Queensland National Matt Canavan has signaled he’s ready to brave his party room if a majority accepts a net-zero commitment as his Victorian colleague Darren Chester – who supports an ambitious mid-century goal – takes a break from that National Party will insert.
Tensions erupted within the junior coalition partner on Sunday when Canavan told Guardian Australia that he was just warming up to opposing any net-zero pledges made by the Morrison government through 2050, and Chester confirmed one Pause due to profound differences with the current leadership of the Nationals.
After the National Party was torn apart and the Cop26 Summit in Glasgow came to an end, Deputy Prime Minister Barnaby Joyce and Vice Chairman of the Nationals David Littleproud held separate television interviews on Sunday morning.
When asked for his opinion on a net zero commitment, Joyce initially told ABC that no coal jobs should be lost “because of domestic politics.” But shortly after that statement, he said protecting coal jobs was “not the bottom line”.
On Sky News, Littleproud leaned on a net zero commitment, arguing that his party must be “pragmatic.” Littleproud also insisted that everyone should stand behind this decision if a majority of the Nationals ultimately endorsed net zero when the issue was discussed in the party hall.
“The party room always works by majority,” said Littleproud. “There are always different views within the party room, that’s good, that’s this beautiful thing called democracy and we should encourage it, not discourage it.
“Maybe in the end people have a different point of view, as I sometimes have in this party room, [but] they will come out and support what the party said ”.
Littleproud reiterated the arguments that Treasurer Josh Frydenberg made last week about the economic case for a net zero commitment. He said Scott Morrison promised a “technology path” for transition.
He said Morrison had “clearly gone away and figured it out by creating this technology roadmap that will protect regional Australia – that’s what he said from the start, and I’ll take him at his word, I have no reason to not to do ”.
When asked to respond to Littleproud’s statement that the party room was in tune, Canavan – who is relentlessly opposed to a net zero commitment – told Guardian Australia: “I am firmly against net-zero emissions – check out just look at the disaster the UK is going through.
“I haven’t even started fighting,” Canavan said.
After Frydenberg’s seminal speech last week, another Queensland National, Resource Secretary Keith Pitt, also signaled a dissenting opinion, stating that jobs in the resource industry were more important than “demands from abroad or the United Nations.”
But Chester – who is increasingly concerned about Joyce’s reluctance to contain his close supporters – as well as former party’s leader Michael McCormack, argued last week that the Nationals either support Net Zero or take an open-minded approach.
Chester has told the Guardian Australia that he is not leaving the National Party but is just taking a break. In a statement released on Sunday, the MP, who lost his seat on the first bench when Joyce returned to leadership of the Nationals, said he would reconsider his position before federal parliament resumes in mid-October.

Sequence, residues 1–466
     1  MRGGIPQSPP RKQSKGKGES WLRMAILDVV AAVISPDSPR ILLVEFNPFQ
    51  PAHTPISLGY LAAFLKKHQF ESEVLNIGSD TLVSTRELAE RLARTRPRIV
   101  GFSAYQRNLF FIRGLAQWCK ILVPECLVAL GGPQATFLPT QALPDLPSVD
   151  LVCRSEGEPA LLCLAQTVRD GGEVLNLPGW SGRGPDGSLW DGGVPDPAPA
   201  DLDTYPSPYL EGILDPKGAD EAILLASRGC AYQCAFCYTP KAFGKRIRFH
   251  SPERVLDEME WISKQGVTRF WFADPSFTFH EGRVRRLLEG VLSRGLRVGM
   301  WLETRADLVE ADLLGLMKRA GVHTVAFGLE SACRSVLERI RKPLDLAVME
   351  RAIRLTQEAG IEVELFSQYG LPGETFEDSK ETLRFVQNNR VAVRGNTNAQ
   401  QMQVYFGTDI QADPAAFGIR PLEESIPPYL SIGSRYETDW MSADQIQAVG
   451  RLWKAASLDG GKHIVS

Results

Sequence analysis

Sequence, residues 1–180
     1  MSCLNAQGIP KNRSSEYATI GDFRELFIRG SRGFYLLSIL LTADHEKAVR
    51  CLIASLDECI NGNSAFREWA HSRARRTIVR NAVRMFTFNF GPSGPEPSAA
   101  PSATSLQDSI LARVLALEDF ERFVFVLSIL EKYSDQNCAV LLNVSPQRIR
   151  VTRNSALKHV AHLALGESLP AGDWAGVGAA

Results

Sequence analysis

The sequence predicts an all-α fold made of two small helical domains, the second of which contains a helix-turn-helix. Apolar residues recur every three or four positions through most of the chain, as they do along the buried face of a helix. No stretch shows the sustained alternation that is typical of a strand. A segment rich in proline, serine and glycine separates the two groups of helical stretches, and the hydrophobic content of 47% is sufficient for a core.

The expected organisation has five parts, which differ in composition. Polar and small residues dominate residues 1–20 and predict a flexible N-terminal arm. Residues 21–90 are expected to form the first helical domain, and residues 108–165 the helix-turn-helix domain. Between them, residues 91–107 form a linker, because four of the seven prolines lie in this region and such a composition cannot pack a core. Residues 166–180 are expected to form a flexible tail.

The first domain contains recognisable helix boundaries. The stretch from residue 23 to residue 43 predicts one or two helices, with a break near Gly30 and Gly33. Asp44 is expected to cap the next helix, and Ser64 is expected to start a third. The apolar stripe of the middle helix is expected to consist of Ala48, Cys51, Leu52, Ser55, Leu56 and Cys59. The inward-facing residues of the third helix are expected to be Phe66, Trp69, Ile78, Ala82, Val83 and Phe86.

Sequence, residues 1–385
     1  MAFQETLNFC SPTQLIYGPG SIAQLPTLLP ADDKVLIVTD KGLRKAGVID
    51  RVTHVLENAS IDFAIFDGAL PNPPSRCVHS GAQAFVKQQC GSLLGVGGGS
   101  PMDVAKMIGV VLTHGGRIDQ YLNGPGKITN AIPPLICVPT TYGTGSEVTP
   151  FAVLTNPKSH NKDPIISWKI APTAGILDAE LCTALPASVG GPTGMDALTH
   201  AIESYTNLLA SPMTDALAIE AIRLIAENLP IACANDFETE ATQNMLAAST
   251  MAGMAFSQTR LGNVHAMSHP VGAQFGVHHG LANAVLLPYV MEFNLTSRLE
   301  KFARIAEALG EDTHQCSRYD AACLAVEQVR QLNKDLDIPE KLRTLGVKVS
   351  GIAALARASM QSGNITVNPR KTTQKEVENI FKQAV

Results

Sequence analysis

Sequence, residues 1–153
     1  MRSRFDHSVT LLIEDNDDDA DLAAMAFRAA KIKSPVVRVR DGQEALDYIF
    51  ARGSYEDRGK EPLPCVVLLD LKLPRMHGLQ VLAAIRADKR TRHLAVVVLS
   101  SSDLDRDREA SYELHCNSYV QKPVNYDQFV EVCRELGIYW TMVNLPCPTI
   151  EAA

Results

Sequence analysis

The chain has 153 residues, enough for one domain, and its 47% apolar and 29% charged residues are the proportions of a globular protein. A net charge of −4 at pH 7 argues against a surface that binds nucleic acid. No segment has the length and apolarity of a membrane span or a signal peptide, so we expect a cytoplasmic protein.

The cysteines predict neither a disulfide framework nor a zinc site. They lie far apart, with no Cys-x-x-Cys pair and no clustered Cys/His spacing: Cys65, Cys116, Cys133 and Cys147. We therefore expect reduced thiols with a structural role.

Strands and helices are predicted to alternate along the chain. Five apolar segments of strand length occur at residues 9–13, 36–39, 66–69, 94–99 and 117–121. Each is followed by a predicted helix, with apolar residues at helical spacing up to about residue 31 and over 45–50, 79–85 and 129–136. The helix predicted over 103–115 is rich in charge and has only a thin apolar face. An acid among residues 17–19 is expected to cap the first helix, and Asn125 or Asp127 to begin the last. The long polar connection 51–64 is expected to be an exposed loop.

He said he would continue to support the Morrison administration, but the decision to resign came after “months of frustration at the repeated failure of the leadership to even try to dispel some of the more disrespectful and offensive views expressed by a minority of colleagues to mitigate ”. .
The government plans to announce updated climate commitments next month, ahead of Cop26 in November. Government sources have told Guardian Australia that the Minister for Energy and Emissions Reduction, Angus Taylor, is privately telling colleagues that the government may try to appease the Nationals who are firmly against the 2050 target with a stop before Cop26 .
The government could refuse to explicitly approve the specific mid-century commitment while announcing a roadmap of measures that would put Australia on the net-zero path.
But this landing point would be unacceptable to metropolitan liberals who believe Australia needs to make that transition, rather than pretending to make the transition.
Morrison is also facing diplomatic pressure from the United States, the United Kingdom and European countries to sign net zero and make Australia’s 2030 commitment more ambitious.
Morrison told Seven Network on Sunday that Australia had to go to net zero and “we have been working on a plan to achieve that”.
“I have been working to bring my government together to come up with a plan that we can present to the Australian people and show the Australian people to say that we can deal with this, we can do this, but we can” do without having to tax the people, ”said Morrison.
“We can do this without having to close our industries and regions. My job was to bring my government together on this issue and focus on how we can do it. “
Joyce didn’t rule out reaching a deal with Morrison on Sunday, but he refused to say exactly what his red lines were.
The deputy prime minister said Australia was unable to stop exporting coal because of the proceeds from offshore fossil fuel sales. He said the Nationals must ensure the economic well-being of regional cities that rely on revenues from the coal industry.
When told that Chester was taking a break from the Nationals for failing to reprimand outspoken colleagues like Queensland backbencher George Christensen, Joyce said he was unable to do “gaffer tape” [Christensen’s] Open your mouth ”.
When asked if he would try to resolve his differences with Chester, Joyce said, “We have a party meeting every Monday.”